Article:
Form Trinity street link road
Construct phase 1 of Market including basement - temporary stalls built
Mar 2008 moment phase 1 completed Sept 2008
Stage 2 Relocation of county Council
Bus station Constructed March 2008 - March 2009
Construction of New Theatre/Perfoming Arts Centre October 2009
Demolish Merchant and Goldsmith House April 2009 - October 2009
Construct Theatre Square and residential October 2009
Jan 2009 Interior work to Market completed
Phase 2 Hotel extension and link bridge
Stage B Forum Centre and offices demolished July 2009 - October 2009
Demolish Market Hall and Princess Street car park. November 2008 - MAY 2009.
Demolish for new retail, residential and library
Completion of Theatre square and residential October 2009 - 2010
Stage C March 2009
Hamilton House demolished June 2009 -November 2009
Stage D Completion of Theatre/Perfoming Arts Centre October 2009 - July 2011
Completion of Library block
Move Library to new location – March 2011
Phase 3 Retail open (Aug 2010)
Demolish library
Form Market Hall phase 2 (Feb 2012) Market split for 40 months
Department Stall built fitted out and opened April 2011
February 2012 scheme complete

Recent finds from the Grosvenor Park Dig

A Votive Roman Axe Head
Votive Axe Head

A Base of a Roman Statue
Roman statue base

Musket Balls from the siege of Chester found in the Roman Amphitheatre
Roman statue base

A Video about Chester's history by Peter Rossiter from www.happyproductions.co.uk

The Past Uncovered

'The Past Uncovered'. The four-monthly newsletter of Chester Archaeology

The past uncovered is produced by the City Council's Archaeological service to keep you in touch with discoveries in Chester and the surrounding area. It appears three times a year, in February, June and October. Copies can be obtained from the Grosvenor Museum and other City Council venues or by post direct from Chester Archaeology. If you have any comments or questions or would like to contribute, please get in touch with Gillian Dunn at Chester Archaeology, 27 Grosvenor Street, Chester, CH1 2DD. Tel 01244 402023.

The Past Uncovered Newsletter

Chester Amphitheatre Newsletter

Keeping you up to date with all the latest discoveries at the Chester Amphitheatre excavation.

Chester Amphitheatre Newsletter

The Handbridge Cremation Urn

Handbridge Cremation Urn

In Roman times Handbridge was the site of a cemetery. It was Roman law that no one could be buried within the City Walls. So burial grounds developed by the side of the roads leading out of the fortress.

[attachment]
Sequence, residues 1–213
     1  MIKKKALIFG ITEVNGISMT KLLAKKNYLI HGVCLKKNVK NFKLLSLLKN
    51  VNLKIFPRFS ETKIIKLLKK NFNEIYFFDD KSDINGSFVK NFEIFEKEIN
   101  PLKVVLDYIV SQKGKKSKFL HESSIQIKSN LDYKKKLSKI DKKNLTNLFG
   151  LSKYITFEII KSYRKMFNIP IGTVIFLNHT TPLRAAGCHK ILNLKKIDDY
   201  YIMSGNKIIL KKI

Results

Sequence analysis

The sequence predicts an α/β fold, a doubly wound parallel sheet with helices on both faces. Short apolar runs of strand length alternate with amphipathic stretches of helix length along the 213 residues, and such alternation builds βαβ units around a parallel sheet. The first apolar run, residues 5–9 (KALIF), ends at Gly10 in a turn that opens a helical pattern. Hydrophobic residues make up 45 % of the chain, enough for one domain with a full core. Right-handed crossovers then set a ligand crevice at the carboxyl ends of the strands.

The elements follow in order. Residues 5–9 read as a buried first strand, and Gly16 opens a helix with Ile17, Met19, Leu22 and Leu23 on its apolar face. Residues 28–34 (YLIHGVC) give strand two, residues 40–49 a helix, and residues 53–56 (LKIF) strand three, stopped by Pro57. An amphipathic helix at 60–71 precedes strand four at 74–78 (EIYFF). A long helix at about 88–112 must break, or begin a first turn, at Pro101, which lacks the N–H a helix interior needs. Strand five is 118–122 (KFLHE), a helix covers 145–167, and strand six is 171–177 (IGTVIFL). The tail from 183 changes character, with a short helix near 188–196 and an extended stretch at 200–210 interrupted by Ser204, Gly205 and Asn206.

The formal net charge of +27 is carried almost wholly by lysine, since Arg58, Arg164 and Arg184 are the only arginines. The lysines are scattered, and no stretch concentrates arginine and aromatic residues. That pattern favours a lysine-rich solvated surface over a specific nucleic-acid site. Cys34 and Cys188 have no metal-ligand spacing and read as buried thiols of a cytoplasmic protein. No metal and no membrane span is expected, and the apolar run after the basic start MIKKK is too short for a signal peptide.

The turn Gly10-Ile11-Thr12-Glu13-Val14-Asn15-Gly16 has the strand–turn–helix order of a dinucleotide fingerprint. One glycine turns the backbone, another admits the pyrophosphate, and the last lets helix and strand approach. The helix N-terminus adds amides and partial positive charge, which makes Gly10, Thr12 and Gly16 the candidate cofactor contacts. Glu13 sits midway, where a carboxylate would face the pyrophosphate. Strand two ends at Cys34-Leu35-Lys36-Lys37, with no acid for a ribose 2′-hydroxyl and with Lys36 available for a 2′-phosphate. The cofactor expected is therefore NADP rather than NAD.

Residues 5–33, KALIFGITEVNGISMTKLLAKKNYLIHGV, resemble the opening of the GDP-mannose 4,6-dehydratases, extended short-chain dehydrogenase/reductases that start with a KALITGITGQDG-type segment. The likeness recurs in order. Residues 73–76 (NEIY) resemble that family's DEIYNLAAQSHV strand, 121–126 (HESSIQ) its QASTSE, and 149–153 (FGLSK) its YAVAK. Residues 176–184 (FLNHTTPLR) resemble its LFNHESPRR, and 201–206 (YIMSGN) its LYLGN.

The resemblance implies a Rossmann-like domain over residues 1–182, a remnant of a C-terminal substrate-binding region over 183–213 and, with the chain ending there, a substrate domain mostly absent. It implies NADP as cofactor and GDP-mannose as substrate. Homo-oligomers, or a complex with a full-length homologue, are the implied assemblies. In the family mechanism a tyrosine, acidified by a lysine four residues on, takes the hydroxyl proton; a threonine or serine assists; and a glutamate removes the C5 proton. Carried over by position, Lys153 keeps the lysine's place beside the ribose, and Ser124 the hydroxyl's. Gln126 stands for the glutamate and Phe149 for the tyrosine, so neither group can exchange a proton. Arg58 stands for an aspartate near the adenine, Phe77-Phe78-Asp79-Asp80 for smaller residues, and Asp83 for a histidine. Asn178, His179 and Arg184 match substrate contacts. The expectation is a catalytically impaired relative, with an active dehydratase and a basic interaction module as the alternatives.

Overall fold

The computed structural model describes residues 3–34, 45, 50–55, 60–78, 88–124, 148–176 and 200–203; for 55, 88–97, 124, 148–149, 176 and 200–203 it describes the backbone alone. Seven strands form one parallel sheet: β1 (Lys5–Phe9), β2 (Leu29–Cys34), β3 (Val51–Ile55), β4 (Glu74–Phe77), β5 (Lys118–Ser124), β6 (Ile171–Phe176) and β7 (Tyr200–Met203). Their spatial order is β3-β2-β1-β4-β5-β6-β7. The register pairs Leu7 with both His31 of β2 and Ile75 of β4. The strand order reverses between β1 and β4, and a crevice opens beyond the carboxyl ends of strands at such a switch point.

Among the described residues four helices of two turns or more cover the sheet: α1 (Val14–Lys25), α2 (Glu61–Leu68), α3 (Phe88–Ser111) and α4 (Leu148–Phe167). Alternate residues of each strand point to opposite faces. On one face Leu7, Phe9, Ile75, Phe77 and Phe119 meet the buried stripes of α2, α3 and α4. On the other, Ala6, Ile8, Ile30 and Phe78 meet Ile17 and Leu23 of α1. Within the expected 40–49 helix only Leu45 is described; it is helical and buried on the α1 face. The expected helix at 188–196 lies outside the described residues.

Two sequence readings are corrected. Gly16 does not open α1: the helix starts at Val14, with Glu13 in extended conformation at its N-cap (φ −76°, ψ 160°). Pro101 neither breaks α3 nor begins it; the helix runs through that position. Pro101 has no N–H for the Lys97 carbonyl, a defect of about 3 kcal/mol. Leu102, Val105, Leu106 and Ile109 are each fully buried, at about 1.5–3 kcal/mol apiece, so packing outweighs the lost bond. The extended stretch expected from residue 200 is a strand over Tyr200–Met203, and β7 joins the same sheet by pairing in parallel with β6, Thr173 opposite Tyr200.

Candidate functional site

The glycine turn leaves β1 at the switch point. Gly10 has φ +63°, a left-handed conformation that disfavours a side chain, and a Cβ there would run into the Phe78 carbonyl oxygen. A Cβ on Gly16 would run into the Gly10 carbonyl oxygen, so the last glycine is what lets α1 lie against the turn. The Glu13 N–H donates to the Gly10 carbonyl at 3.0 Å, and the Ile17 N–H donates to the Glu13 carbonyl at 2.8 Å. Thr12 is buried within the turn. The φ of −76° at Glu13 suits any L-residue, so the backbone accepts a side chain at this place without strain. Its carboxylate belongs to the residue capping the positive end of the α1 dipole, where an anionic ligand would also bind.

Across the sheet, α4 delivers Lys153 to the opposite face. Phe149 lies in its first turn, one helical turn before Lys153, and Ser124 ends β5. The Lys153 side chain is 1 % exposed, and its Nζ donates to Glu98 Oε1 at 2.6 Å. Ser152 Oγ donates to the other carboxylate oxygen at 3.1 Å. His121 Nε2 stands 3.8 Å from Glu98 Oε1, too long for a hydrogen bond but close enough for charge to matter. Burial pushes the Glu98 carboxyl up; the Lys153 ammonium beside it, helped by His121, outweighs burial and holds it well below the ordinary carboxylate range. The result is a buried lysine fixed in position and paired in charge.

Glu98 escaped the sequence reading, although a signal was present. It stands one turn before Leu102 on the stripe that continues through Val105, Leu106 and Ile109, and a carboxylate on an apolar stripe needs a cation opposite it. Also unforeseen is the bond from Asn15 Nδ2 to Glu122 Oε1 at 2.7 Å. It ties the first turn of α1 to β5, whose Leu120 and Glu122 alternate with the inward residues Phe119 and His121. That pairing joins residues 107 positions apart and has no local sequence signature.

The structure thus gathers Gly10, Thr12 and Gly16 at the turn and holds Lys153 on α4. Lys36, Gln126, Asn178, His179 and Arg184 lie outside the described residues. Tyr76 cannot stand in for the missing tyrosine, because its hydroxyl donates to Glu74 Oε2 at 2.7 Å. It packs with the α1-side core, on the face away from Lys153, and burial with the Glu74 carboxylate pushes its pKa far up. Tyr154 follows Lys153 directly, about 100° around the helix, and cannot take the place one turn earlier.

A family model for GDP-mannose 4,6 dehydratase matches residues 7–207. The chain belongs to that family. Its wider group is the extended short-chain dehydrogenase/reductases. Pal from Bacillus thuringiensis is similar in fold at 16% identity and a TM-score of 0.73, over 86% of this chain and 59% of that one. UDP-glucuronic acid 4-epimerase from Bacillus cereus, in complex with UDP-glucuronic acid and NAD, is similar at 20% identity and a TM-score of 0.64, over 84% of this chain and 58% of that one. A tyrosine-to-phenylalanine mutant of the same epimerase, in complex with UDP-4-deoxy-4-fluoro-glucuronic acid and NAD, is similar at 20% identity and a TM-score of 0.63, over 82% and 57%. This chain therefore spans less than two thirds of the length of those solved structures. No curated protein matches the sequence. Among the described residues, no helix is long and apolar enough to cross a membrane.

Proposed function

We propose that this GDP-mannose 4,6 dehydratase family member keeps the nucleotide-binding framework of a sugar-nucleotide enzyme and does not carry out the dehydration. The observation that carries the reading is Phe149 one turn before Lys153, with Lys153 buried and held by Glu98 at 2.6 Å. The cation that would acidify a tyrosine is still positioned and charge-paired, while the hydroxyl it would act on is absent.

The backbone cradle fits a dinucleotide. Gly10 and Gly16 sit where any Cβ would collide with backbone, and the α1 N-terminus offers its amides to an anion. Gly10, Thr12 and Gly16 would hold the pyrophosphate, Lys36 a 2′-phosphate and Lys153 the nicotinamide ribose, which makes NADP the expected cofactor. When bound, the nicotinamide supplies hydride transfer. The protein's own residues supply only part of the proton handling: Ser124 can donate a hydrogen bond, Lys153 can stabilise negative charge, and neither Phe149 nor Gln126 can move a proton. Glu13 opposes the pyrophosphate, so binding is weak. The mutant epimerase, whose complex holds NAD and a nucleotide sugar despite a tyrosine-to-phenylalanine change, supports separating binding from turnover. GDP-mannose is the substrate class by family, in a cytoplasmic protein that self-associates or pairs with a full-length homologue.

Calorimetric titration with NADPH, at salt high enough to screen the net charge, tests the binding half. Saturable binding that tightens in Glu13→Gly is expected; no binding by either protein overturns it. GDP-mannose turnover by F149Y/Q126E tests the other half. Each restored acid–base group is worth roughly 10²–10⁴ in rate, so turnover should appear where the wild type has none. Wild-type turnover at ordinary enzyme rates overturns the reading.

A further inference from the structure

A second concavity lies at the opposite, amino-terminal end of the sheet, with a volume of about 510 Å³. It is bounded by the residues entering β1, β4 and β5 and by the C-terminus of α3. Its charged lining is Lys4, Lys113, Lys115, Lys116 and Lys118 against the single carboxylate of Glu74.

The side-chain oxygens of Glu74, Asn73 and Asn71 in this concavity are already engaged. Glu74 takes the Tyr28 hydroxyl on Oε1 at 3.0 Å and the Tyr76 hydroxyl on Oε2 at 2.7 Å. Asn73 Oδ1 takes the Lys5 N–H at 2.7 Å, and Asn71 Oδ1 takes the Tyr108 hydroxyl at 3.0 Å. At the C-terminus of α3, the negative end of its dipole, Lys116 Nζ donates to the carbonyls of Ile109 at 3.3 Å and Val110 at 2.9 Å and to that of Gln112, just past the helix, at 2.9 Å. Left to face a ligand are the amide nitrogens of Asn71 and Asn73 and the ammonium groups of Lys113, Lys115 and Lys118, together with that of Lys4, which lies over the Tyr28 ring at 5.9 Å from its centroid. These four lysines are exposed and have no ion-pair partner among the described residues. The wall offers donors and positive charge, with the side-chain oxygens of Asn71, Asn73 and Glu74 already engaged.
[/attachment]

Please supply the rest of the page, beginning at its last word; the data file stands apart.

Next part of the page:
This urn contains a cremation. The Romans either buried or cremated their dead. Both methods were popular at different times. Cremation was popular from the 1st Century to the early 3rd Century. Burial was more popular in the 3rd / 4th Centuries.

The Urn was made locally probably at the Legionary tile works at Hold. It dates to around the late 1st Century or early 2nd Century. It was originally a food storage vessel. Most poor people would have their ashes placed in a pottery or glass vessel. The rich could buy elaborately decorated cremation containers.

A specialist archaeologist has carefully excavated the urn to find out more about the person who was cremated. Although the bones have been burned we have been able to find out that they belong to a man aged 20-35. There are some basic differences between the size of male and female skeletons which allow experts to sex and age a skeleton.

The vertebae of the spine show something called 'schmorls nodes'. This is a weakening of the bone. It is related to trauma. It is possible this was caused by a hard working life when the man was still young. The sort of people who undertook heavy work from an early age in the Roman Empire would have been slaves or local tribes working in the countryside. It is not likely that he was a legionary. The bones also show evidence of a dietary deficiency either scurvy or anaemia.

He probably died in the early 2nd Century as this fits in with the date of the pot and the time when cremation was popular. poor health is the most likely cause of his death. The average life expectancy for civilians in Roman times was about 35.

The Urn is now on view in the Roman Stones Gallery in the Grosvenor Museum, Chester.

The Chester Gladiator

The Chester Gladiator

This small slate plaque was found in 1736 in Fleshmonger's Lane (Now Newgate Street) in Chester. Soon afterwards it disappeared, and only two cast copies of it were believed to survive. One in the society of antiquaries in London, and one here in Chester.

In 1978 Saffron Walden Museum in Essex asked the British Museum to look at a small relief of a gladiator which had been in their museum since 1836. Their accession register says it came from Herculaneum in southern Italy. But after much research the British museum was able to show that this was indeed the lost Chester gladiator.